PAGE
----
Mental health challenges affect college-aged people more than any other age population. Managing your mental health and finding what methods work best for managing and preventing these challenges from impacting your daily life is critical. I have found short meditation videos on YouTube to be exceptionally effective in reducing stress and anxiety (Daily Calm videos are great!). You can even find a meditation playlist on Spotify to help yourself relax as you fall asleep. Another healthy way to maintain mental health is to journal. Write about your day, good and bad, or something you’ve been struggling with and how you plan to overcome it. Write one thing that you are proud of yourself for accomplishing or goals you hope to achieve in the future. If meditation or journaling does not appeal to you, there are countless other ways you can care for your mental health
Do something every day that makes you happy.
Happiness is something we all need in our lives. Watch your favorite television show or a movie you’ve been wanting to see, go outside (if the New England weather allows), bake cookies, facetime your friend from home, join that club you’ve been interested in. Life is too short not to do what makes you happy. Managing your priorities to make time for doing things that make you happy will increase your motivation, reduce stress, and contribute to living a happy and healthy life.
I hope that at least one of these tips has caught your eye. If you find yourself struggling to attempt any of these suggestions, reach out to a Well-Being Leader on campus at www.uml.edu/wellbeing/well-being-leaders. We are eager to help students find ways to stay healthy along these eight dimensions of wellness: emotional, financial, spiritual, occupational, physical, environmental, social, and intellectual health. We are here for you!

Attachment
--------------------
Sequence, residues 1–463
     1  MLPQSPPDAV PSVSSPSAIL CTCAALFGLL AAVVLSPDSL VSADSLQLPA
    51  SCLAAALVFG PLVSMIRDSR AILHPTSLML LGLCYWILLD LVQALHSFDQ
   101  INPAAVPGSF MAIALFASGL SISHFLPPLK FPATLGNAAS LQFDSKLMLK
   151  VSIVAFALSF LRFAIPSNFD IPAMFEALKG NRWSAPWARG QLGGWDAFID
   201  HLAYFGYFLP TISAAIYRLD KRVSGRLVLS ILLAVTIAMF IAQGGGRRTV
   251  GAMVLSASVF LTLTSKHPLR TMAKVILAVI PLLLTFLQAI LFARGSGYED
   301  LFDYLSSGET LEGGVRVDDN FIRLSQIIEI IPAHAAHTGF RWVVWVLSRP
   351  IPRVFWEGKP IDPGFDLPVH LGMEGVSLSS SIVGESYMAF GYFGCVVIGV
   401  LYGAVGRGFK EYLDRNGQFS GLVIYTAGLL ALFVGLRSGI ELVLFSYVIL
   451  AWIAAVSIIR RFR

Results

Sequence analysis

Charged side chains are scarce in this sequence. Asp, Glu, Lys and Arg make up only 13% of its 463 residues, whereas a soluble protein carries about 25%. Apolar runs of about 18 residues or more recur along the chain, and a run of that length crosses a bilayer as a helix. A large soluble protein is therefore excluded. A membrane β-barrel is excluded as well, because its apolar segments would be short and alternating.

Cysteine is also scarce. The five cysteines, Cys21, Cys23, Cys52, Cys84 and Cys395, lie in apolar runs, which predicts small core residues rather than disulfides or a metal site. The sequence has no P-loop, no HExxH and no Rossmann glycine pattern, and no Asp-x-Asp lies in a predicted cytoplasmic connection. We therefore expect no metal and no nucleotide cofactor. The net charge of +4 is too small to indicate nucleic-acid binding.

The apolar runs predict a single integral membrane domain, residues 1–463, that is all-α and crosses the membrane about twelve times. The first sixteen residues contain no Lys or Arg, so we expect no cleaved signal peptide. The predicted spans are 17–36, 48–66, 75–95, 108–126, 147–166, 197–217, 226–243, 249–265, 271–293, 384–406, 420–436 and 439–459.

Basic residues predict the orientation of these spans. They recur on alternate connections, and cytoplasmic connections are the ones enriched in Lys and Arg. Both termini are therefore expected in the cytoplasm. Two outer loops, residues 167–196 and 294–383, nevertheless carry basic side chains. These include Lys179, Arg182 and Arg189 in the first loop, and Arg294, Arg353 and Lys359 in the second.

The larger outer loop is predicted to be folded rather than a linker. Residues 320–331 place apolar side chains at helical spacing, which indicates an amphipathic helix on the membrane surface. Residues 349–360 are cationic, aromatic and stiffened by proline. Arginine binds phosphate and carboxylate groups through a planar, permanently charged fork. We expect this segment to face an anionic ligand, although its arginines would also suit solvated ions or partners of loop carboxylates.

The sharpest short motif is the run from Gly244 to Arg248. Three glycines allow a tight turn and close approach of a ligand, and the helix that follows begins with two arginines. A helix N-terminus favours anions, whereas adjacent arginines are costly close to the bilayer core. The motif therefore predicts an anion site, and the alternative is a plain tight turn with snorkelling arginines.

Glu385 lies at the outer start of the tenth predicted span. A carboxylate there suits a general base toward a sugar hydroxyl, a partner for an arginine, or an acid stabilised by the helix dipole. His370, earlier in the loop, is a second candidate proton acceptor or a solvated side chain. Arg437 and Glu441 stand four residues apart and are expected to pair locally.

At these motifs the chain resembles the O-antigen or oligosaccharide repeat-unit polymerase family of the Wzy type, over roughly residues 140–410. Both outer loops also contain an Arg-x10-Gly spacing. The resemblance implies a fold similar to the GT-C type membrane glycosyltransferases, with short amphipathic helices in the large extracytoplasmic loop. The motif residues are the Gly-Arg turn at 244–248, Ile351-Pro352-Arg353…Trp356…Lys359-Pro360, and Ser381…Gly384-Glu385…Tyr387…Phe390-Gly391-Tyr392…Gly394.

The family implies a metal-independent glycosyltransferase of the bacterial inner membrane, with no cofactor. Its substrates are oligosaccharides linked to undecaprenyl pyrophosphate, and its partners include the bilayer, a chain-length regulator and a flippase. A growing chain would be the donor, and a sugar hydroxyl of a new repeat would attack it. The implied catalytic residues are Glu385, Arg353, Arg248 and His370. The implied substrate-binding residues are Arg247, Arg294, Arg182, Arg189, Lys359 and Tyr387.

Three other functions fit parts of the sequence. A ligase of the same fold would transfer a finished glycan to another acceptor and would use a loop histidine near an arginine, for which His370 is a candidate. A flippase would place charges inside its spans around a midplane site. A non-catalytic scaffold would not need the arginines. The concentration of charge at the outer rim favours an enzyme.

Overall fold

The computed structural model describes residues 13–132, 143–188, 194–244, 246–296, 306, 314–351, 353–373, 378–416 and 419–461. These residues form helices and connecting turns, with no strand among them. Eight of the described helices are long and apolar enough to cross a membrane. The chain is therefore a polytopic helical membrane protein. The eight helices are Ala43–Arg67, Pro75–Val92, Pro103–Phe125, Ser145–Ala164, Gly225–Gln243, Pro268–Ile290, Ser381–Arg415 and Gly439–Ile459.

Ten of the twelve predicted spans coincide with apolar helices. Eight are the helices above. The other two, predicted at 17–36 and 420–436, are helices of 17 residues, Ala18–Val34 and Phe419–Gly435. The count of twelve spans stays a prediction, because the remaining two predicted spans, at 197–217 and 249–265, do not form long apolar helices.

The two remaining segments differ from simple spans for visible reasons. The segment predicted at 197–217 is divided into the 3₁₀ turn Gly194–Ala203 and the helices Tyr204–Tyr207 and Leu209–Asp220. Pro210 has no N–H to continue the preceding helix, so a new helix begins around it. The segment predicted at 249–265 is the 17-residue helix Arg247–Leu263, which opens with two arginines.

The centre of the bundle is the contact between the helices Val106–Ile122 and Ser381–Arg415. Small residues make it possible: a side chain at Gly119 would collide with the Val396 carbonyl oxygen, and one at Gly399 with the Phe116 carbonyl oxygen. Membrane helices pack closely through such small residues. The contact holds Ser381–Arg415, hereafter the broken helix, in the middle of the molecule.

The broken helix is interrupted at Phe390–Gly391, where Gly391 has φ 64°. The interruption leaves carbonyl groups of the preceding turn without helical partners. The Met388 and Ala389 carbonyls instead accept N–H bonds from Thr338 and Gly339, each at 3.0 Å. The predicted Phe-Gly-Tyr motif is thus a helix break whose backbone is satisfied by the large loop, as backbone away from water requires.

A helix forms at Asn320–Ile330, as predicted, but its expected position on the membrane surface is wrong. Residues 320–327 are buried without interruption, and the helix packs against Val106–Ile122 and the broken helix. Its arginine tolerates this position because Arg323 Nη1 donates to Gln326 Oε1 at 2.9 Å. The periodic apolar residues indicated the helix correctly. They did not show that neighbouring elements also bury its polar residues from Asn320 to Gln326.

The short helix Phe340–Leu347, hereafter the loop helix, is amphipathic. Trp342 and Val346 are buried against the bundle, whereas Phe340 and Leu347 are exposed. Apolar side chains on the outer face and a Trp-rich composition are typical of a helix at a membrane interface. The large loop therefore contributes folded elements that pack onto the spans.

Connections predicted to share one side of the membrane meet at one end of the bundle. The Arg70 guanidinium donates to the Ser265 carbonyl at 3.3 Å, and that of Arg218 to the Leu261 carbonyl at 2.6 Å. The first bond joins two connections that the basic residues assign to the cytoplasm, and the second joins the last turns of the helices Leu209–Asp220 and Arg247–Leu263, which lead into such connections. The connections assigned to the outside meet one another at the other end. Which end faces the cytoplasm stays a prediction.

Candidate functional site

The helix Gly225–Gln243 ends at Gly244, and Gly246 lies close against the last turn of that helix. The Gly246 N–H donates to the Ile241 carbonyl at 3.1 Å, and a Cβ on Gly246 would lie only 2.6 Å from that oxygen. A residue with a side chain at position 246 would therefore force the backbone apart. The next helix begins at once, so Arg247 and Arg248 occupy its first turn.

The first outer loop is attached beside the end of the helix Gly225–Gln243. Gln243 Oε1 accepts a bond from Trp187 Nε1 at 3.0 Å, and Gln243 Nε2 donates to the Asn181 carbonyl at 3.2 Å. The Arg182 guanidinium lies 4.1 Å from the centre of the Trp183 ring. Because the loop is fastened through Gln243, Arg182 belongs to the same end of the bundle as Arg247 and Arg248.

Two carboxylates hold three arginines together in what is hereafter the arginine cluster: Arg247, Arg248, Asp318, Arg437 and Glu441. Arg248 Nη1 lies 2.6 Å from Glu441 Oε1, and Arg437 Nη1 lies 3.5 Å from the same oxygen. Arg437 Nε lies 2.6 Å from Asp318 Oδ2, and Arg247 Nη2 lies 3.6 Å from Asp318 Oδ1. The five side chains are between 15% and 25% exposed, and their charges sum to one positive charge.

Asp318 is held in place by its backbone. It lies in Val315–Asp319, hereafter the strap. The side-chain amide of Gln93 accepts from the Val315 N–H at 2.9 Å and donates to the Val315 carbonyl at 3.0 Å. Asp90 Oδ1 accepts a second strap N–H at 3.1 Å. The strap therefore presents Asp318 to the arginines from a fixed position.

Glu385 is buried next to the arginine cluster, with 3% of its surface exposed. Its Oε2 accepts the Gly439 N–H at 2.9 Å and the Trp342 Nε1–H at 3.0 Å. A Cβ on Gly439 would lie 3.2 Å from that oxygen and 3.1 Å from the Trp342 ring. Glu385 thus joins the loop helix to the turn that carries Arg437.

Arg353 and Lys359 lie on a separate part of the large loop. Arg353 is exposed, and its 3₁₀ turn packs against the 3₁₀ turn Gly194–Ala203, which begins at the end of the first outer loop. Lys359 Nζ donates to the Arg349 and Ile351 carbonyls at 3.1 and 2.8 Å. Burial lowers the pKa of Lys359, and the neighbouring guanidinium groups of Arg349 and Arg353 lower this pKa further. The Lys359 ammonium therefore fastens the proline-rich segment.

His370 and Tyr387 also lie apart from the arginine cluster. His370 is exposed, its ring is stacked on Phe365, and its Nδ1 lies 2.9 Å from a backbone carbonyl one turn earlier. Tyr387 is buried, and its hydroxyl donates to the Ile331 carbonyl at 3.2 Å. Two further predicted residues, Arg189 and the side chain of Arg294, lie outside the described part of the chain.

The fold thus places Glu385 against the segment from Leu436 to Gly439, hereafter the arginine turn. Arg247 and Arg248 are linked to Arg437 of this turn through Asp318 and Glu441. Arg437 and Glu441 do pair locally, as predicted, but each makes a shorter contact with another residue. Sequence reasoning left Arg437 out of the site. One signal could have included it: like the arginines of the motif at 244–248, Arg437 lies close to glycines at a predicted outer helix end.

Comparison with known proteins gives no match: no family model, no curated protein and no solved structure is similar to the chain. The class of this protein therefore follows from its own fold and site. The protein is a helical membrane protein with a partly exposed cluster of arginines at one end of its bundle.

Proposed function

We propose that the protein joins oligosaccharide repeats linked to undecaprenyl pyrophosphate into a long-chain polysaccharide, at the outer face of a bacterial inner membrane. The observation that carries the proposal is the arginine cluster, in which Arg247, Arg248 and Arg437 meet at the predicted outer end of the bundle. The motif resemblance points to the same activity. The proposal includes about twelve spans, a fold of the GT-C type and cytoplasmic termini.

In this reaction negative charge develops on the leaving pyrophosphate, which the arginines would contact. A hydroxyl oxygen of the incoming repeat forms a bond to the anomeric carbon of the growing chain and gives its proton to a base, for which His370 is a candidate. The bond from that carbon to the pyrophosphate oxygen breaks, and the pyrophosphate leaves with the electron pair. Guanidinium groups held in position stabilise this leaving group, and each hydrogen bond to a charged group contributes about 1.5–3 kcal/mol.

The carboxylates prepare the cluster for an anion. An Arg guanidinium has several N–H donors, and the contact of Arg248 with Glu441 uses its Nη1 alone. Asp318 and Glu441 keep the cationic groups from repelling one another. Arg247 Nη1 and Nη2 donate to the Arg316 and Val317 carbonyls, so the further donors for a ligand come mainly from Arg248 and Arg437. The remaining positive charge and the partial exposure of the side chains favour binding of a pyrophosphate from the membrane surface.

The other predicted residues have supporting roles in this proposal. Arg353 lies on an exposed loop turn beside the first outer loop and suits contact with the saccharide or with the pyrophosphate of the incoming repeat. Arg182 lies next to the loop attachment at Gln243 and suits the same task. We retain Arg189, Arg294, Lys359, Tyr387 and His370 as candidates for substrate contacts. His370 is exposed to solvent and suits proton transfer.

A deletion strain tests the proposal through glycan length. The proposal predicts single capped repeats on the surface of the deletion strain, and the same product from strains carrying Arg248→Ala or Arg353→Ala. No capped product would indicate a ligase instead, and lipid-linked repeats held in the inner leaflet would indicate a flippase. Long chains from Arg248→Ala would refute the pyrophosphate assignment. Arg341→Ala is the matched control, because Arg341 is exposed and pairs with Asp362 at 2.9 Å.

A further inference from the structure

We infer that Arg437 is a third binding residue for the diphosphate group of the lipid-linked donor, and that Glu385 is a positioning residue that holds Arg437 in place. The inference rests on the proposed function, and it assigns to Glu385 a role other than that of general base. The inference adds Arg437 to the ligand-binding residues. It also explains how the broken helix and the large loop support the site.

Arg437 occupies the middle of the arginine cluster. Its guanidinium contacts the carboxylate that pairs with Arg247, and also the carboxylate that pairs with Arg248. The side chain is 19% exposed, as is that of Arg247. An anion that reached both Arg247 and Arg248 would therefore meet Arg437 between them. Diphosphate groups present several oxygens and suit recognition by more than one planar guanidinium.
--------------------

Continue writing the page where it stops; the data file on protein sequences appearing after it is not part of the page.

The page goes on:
If there is one thing you take from reading this, remember that you are a person before you are a student. Your mental and physical health take priority over anything else. Staying healthy throughout this semester will not only allow you to apply yourself to your fullest potential but will help you lead a healthy life.
Give up the people pleasing and learn how to be more fearless to access your best life.
By: Fahad Alden, Fine Arts, Humanities, and Social Sciences Well-being Leader
You’ve probably heard the saying, ‘Nice guys finish last.’
Now, there’s nothing wrong with being kind and empathetic in the right situations, but if you’ve ever been taken advantage of as a result of your niceness, you’ll know that niceness can quickly become people-pleasing.
And do you know what long-term people-pleasing can do? It can get in the way of achieving the career, the relationship, the lifestyle, and the future that you want.
Let me ask you, how do you typically react when a friend or partner betrays you? Let’s say they flake on plans or make hurtful comments about your appearance,. What do you do when this happens? If you’re a people-pleaser, you might often feel the urge to be a bigger person and resort to silence instead of openly addressing the issue.
In this case, because you failed to act fearlessly, you didn’t improve your life. And you’re not alone in this behavior – 63% of American men say they go to great lengths to avoid conflict. But with 50% of people believing they’ve been overlooked for a promotion as a result of being ‘too nice,’ it’s not always the best thing.
So, what’s the solution?
The good news is that there are ways you can become more assertive and fearless and unlock the life you’ve always dreamt of. There’s no easy fix, though. You’ll have to adjust your behavior daily to unlock your true potential.
That means your body language and tone of voice dictate the rest of how you communicate with others. After all, they do say actions speak louder than words for a reason.
If your body language suggests you’re timid, anxious, or weak, you can kiss goodbye to that dream promotion or a date with the girl you like. Strong body language suggests inner strength, and that’s exactly what you want to present.
Your stance in the first place to start.